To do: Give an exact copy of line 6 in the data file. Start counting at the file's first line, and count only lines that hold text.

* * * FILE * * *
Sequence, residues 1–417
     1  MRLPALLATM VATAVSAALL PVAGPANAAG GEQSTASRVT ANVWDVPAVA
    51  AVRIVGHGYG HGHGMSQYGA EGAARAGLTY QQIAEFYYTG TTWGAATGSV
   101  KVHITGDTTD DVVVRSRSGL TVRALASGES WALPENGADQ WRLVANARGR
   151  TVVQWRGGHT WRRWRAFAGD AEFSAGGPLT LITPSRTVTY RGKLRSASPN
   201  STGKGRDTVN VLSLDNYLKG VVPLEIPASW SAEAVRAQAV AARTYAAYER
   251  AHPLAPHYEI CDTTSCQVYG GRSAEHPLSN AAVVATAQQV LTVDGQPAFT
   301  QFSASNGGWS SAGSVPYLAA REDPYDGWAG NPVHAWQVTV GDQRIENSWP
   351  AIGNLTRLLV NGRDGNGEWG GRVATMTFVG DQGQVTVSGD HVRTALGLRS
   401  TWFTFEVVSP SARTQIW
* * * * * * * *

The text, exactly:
   201  STGKGRDTVN VLSLDNYLKG VVPLEIPASW SAEAVRAQAV AARTYAAYER